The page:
Trouble Upstairs: Reconstructing Permian-Triassic Climate during Siberian Traps Magmatism

Friday, 19 December 2014: 3:25 PM
Benjamin A Black1, Ryan Reynolds Neely III2, J F Lamarque3, Linda T Elkins-Tanton4 and Michael J Mills3, (1)University of California Berkeley, Berkeley, CA, United States, (2)National Center for Atmospheric Research, Advanced Studies Program, Boulder, CO, United States, (3)National Center for Atmospheric Research, Boulder, CO, United States, (4)Arizona State University, Tempe, AZ, United States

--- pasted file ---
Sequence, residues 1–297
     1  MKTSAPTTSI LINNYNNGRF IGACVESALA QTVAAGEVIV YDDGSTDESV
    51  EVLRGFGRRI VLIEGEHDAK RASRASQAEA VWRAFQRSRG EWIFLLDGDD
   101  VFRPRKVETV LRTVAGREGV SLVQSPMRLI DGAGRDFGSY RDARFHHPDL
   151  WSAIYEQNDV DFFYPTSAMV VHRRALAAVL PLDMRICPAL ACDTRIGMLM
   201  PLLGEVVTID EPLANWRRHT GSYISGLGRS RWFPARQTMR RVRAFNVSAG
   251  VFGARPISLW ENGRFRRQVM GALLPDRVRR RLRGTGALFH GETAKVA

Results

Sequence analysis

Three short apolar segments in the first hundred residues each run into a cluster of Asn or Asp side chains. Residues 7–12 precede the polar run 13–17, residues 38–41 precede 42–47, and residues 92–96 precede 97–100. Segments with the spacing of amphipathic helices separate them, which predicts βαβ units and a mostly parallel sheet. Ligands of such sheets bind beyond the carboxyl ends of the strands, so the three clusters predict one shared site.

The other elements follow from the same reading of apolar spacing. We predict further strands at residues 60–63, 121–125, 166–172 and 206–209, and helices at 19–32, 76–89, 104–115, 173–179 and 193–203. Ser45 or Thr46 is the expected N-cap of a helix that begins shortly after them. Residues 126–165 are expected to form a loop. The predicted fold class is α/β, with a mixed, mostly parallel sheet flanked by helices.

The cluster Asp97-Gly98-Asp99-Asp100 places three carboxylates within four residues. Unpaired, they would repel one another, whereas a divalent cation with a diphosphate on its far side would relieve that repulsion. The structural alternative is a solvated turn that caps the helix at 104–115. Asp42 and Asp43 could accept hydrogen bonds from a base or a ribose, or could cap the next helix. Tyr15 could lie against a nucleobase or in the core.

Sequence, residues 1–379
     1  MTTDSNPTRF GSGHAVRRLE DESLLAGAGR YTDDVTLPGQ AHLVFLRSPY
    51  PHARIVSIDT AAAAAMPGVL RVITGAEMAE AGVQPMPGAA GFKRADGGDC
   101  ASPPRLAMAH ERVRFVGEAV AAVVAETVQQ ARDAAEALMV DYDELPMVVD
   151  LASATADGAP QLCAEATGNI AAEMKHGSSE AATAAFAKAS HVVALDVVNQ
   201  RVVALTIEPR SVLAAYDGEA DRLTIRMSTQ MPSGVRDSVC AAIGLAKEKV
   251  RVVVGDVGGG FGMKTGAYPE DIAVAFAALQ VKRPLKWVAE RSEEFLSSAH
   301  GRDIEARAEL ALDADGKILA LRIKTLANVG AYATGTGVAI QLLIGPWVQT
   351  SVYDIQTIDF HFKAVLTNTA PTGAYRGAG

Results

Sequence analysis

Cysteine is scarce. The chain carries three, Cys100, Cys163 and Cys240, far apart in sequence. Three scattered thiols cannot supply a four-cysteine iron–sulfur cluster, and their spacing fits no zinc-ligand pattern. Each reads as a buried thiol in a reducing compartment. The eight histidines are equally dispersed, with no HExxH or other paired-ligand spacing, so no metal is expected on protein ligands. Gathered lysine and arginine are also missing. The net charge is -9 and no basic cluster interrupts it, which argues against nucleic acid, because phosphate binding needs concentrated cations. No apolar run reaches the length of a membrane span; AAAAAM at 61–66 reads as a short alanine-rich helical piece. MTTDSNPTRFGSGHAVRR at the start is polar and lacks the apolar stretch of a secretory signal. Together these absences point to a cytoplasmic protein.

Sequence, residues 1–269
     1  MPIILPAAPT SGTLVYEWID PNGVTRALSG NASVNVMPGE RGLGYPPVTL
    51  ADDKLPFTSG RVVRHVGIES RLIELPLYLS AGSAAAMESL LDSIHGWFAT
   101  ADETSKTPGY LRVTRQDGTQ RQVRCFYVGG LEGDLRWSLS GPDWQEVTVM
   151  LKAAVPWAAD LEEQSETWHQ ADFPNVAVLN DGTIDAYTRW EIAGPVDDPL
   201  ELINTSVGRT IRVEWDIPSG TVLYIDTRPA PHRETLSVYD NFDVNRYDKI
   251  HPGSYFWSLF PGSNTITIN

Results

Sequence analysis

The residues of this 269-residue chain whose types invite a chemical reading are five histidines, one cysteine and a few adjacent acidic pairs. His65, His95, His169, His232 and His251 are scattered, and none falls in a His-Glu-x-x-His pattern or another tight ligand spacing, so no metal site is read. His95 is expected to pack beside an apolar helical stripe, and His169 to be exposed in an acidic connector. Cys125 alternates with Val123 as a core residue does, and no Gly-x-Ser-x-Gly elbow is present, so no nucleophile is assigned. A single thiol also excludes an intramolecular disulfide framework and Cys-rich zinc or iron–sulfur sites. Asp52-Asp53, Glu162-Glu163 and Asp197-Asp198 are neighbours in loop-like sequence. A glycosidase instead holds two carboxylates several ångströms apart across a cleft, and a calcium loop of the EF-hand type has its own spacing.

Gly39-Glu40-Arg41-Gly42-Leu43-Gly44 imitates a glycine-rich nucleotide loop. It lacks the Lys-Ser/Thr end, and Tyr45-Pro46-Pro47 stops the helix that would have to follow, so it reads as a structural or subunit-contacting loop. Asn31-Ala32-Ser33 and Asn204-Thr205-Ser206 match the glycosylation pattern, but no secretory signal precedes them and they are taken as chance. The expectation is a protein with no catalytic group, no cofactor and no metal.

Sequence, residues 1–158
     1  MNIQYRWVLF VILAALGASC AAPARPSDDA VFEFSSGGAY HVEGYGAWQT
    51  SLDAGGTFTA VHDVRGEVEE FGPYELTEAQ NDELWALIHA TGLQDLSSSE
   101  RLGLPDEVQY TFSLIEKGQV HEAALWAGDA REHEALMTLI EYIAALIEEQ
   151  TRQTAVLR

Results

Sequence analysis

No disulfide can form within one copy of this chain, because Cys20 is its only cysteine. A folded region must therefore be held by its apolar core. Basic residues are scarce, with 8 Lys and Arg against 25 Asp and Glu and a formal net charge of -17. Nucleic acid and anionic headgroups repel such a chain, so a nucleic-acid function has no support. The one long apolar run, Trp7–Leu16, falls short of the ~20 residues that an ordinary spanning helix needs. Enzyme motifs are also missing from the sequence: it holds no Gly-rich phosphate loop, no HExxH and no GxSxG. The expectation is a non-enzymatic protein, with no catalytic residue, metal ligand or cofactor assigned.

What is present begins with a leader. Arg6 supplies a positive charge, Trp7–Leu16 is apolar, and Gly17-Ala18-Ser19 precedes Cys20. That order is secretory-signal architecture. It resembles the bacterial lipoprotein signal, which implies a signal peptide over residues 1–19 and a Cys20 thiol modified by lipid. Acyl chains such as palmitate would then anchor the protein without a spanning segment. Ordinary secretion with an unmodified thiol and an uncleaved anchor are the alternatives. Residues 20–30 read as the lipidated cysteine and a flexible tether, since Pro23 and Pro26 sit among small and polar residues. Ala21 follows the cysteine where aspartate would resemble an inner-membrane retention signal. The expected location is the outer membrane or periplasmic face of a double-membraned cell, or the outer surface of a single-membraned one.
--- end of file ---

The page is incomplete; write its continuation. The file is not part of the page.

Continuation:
The eruption of large igneous provinces can transfer significant masses of volatiles from Earth’s interior to the atmosphere. What are the consequences of this degassing for habitability and extinction? In this presentation, we consider this question in the context of Siberian Traps magmatism, which has been shown to overlap within geochronologic uncertainty with catastrophic deterioration of Permian-Triassic marine and terrestrial ecosystems. To investigate the impacts of endogenic gases on climate, atmospheric chemistry, and ocean circulation, we conducted a series of numerical experiments with a comprehensive global model for the Permian-Triassic. Our simulations predict the intensity and distribution of acid rain and ozone depletion, with implications for terrestrial biota. We further explore feedbacks between sulfur emissions, transient cooling, and shifts in ocean circulation. We suggest that Siberian Traps magmatism may have triggered several distinct kill mechanisms in the oceans and on land, contributing to a complex combined pattern of environmental stress and latest Permian ecological failure.